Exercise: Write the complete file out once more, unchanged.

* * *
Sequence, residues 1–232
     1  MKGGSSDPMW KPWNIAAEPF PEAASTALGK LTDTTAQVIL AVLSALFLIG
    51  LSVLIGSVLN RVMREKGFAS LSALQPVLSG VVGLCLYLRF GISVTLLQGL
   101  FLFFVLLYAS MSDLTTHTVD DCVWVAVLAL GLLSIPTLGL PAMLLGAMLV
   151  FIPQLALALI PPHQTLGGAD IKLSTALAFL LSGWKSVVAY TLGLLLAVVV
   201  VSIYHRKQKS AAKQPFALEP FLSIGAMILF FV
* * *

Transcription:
Sequence, residues 1–232
     1  MKGGSSDPMW KPWNIAAEPF PEAASTALGK LTDTTAQVIL AVLSALFLIG
    51  LSVLIGSVLN RVMREKGFAS LSALQPVLSG VVGLCLYLRF GISVTLLQGL
   101  FLFFVLLYAS MSDLTTHTVD DCVWVAVLAL GLLSIPTLGL PAMLLGAMLV
   151  FIPQLALALI PPHQTLGGAD IKLSTALAFL LSGWKSVVAY TLGLLLAVVV
   201  VSIYHRKQKS AAKQPFALEP FLSIGAMILF FV